November 11, 2008

Sandwich woman: Spread between cancers

Cancer now links my daughter and my father. I am equally helpless with both. Jelly.

I watch my daughter joking, hearing between the words the fear of the unknown.

I watch her face as she shares an update on my father that comes through my brother indirectly as he warns us to no longer consider a hospital recommended the week before. Now, my brother is unsatisfied with the care given my dad as he lets it slip that there is no feeling below the arms, that he expects The Call any day.

I think of the last conversation with my dad, the day I had to tell him what my daughter had. I heard his voice, and wish I had not. I wish I could have held forever the memory of what his voice was, not what it is. He spoke for a long time and I could feel love and fear, even as it was impossible to decipher the actual words.

I am not the perfect daughter. Not even the good daughter. I thought there would be more time, that first I had to be strong. And then, when I was ready to hear more stories, ready to make more decisions, I had to leave again. We are good at postponing, it is our tradition.

News of test results slip into conversations between my daughter and nurses or receptionists. But, then, as if they realize what was just revealed they stop reeling off the results and say the doctor will explain all of this on Thursday. Thursday can't come fast enough. Thursday should never come.

We talk of hoping that her hair will grow back curly, of a friend's offer to turn her mane into a wig, the weirdness of where hair grows and where it doesn't.

I listen. I worry. I collect information, I help where I can, I answer the emails and phone calls. I debate - how much truth can she hold now and what is the truth.

For years, it has been my father and my daughter who have visited me at the hospitals, who offered their own brands of humor and caring to nurse me through challenges.

It is hard to believe that now I am to be the strong one, the filling between the two generations stung by cancer.

November 10, 2008

Fill my ceiling with Twitter, more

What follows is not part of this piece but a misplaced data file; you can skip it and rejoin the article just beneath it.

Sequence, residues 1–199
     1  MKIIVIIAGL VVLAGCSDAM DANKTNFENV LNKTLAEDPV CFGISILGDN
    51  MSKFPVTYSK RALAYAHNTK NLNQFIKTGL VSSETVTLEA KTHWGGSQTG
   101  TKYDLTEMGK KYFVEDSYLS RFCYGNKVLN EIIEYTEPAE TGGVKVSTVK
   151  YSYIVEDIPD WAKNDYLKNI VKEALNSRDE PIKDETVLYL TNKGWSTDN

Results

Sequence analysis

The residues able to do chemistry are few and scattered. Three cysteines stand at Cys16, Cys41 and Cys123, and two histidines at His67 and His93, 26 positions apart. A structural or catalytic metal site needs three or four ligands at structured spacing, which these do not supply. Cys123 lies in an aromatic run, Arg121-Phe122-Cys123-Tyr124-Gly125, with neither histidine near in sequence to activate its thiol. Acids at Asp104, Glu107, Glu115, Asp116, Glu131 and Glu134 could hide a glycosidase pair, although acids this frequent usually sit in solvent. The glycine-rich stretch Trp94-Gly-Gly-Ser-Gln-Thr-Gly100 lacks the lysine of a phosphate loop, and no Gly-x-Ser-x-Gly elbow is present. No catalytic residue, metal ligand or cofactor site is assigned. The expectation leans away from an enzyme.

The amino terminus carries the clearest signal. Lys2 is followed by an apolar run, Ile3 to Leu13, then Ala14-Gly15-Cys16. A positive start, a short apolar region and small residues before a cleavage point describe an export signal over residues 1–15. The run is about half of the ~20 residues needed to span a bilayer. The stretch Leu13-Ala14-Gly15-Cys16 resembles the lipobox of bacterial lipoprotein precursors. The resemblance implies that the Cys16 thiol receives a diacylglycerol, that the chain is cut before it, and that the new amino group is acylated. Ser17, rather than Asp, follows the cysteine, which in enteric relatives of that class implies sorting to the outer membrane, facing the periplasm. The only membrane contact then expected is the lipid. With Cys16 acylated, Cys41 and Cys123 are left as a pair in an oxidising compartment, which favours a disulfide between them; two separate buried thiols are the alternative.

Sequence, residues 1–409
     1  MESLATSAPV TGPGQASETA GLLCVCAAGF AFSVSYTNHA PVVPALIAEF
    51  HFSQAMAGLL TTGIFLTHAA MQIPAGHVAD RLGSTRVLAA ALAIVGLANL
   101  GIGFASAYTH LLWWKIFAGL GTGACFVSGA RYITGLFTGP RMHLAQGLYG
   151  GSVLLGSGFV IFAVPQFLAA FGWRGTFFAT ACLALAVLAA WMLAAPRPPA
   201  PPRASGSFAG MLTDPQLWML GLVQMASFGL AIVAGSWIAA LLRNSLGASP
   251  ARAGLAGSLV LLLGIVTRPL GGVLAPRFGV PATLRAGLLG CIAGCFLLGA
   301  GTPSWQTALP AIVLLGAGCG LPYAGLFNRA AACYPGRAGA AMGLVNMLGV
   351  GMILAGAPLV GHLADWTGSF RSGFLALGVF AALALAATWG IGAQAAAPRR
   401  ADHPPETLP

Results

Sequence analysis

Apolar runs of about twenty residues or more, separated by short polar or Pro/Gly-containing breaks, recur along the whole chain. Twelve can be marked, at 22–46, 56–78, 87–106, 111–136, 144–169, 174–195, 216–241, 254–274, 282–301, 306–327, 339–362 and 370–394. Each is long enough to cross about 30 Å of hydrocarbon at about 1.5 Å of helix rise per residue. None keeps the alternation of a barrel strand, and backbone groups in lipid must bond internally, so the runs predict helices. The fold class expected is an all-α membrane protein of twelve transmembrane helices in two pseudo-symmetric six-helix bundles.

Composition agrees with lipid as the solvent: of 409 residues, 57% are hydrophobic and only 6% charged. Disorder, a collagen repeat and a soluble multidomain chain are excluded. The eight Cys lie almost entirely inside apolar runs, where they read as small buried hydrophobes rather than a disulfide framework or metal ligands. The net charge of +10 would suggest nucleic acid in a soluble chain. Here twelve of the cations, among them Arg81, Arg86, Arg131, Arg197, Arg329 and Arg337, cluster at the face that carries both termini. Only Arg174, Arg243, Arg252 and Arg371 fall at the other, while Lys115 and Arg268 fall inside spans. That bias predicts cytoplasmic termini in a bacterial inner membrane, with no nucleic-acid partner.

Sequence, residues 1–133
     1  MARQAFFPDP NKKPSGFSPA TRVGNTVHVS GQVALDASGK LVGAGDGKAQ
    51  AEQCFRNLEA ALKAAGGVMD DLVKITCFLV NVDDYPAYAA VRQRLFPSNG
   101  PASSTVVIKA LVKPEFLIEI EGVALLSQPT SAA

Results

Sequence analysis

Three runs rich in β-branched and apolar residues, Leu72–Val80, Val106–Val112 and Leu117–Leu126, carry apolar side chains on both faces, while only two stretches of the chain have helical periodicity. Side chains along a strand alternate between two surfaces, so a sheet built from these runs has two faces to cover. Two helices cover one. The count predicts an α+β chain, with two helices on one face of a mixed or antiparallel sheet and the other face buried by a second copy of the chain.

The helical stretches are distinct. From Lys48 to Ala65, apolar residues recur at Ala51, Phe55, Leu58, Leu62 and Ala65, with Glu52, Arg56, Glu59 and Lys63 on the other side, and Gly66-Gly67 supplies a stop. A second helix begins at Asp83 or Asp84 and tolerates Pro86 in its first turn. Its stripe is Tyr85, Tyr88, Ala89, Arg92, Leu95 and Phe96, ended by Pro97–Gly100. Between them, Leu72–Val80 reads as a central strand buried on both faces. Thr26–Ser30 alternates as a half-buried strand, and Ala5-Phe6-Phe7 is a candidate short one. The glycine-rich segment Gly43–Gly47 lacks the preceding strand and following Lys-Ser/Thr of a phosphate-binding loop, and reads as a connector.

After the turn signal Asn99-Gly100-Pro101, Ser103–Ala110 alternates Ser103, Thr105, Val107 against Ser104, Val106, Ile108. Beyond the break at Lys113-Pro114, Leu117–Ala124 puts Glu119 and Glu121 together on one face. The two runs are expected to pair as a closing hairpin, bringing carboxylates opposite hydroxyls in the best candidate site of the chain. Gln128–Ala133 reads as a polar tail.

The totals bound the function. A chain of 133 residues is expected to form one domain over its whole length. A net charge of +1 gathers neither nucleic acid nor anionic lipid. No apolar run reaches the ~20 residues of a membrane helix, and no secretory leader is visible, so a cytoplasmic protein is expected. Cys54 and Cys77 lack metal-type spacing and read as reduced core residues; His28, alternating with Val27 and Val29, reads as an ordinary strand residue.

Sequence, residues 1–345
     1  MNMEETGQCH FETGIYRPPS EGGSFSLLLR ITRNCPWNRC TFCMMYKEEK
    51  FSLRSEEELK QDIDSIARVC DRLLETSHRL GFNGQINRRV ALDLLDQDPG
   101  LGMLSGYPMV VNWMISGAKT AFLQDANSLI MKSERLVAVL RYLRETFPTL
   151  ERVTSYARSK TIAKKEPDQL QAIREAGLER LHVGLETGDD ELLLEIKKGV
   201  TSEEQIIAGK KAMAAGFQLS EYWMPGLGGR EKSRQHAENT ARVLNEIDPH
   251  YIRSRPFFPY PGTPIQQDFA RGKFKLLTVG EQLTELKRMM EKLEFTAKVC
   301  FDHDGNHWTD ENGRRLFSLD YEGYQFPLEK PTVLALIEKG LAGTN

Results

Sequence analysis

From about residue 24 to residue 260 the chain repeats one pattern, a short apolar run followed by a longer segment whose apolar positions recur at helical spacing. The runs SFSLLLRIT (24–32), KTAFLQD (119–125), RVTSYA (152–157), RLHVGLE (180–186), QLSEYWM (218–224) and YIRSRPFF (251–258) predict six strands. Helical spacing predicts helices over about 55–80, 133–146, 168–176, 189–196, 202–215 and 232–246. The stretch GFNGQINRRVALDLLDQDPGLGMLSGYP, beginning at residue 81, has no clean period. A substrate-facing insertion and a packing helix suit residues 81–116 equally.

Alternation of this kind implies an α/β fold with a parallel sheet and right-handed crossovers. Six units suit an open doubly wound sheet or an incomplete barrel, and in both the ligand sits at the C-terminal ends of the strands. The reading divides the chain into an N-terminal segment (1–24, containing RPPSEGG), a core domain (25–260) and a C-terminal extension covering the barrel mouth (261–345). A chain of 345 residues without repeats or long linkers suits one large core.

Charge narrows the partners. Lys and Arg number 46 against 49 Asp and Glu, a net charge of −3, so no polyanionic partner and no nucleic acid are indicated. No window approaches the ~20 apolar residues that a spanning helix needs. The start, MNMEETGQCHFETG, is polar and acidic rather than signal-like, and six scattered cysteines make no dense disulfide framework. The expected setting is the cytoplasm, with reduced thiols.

I watch the world waken as Twitters slide into my account. Sometimes another screen holds Facebook statuses. Pump in Friendfeed and RSS

On days like today, when only my mind escapes the concrete truck's dump, I so need that reach of humanity. Even when the mushiness of my mind prevents timely responses, I want to read the echos of the world

Make me laugh. Make me think. Make me smile.

Above me lies - again - a boring white ceiling. Imagine the Twitters, the statuses, the feeds floating across in ink-jet perfection. 72 point? Or larger?

This distraction that could render useless the need for yet another numbing pill on days when holding the iPhone hurts as much as carrying your world.

But like the old man who remembers his roof leaks only when it is raining, these ideas of constructive distraction come only when I am incapable of implementing. Unlike the old man in the fiddle performance, the conversation is one sided. The only sound comes from the iPhone - until the battery dies or someone who can move comes home.

I watch from afar as the world starts to sleep, imprisoned by playing a normal person yesterday.

November 9, 2008

The past creates shadows on today

I am breaking a lot of self-imposed rules, ironically while reading others who write about online friendships.

I am writing on the iPhone (makes it hard to cite URLs) but last night as I reviewed another day of firsts, I started thinking about some posts that have caught my brain. There was Louis Gray, who reminded how sometimes we can help our virtual friends in the real world with a gesture as simple as using PayPal to pay a bill for someone in need. Kate Carruthers
wrote about this need we have to know who are friend and who are foe.

I remember jumping yesterday, sharing everything about my server in the hopes a problem could be solved while I shivered my way through a night of badly needed sleep. I could hear my grandfather shouting, reminding me not to trust anyone, not even my own mother. Yet, I gave everything - more then was needed - because I was so tired of wrestling with permissions, passwords, scripts, etc.

I just surrender. My favorite books, notes and even techies are nine hours away. I am too fragile today to open my email, to check the server, to see if what was promised was done and that all is right in the world.

I want to believe .... at least for awhile longer. Friend or foe? Why can't I believe what I know from the eyes and the heart?

My grandmother probably turned over in her grave, too, as she watched me create a fake Alfredo sauce from cream cheese and other surprises. I cry later over the dinner too. I am finally cooking - but not in the place I so much want to be right now. I cry because I can't cuddle. I cry because I am cold.

I just cry. That makes me mad because big girls don't cry. Mothers don't cry. I don't cry.

I jokingly say I hope a recommended book has a chapter on how to stop all the crying. The emailed reply explains "The tears were there, crying releases them."

I carry the thought today as I visit Big Lots for the first time, demand (nicely) a printed newspaper and tell my credit card company that it is me making these out of character purchases in multiple states and yes, online, too

My daughter and I look for a college course, try on marked-down Halloween wigs, make plans for the years down the road, and ...

And I wait until I close the door on the game room turned bedroom to cry once more, wanting to believe I trusted, trust the right people, the right things, the right doctors, the right words, the right everything.

The fears are there; crying sometimes releases them.

The past is here with the people who preached and the choices I made. The new movements release the unnecessary to allow survival.

And I cry.

Updated 5/13/09 with links and fixes like . verb tenses and spelling.